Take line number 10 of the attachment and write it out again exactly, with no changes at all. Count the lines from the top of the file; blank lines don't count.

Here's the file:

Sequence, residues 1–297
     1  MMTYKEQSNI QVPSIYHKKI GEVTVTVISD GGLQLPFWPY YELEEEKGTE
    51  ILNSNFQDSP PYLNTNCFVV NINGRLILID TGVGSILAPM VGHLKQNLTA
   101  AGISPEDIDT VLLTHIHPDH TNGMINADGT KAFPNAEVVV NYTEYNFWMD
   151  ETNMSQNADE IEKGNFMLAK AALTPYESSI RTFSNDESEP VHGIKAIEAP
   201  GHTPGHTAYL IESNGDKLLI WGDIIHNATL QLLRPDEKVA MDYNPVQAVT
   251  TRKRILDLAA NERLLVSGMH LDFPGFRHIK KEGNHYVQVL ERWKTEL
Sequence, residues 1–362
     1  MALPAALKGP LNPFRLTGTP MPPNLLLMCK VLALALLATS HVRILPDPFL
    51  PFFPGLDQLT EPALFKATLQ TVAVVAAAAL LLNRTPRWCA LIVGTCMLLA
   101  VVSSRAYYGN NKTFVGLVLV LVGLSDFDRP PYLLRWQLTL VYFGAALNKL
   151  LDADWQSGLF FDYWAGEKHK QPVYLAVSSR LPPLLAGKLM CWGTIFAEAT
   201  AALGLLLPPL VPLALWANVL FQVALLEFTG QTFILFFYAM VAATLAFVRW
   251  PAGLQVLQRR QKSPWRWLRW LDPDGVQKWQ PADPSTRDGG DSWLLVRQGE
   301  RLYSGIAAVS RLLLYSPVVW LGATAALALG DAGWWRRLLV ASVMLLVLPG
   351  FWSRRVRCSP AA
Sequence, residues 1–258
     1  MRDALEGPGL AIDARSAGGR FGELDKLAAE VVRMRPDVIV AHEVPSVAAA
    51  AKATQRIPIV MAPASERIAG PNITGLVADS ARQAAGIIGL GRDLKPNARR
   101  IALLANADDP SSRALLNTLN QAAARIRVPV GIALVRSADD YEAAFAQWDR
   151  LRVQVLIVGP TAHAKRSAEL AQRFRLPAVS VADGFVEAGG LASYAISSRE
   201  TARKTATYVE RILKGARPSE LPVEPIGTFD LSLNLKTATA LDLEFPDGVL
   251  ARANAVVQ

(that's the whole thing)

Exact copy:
    51  PFFPGLDQLT EPALFKATLQ TVAVVAAAAL LLNRTPRWCA LIVGTCMLLA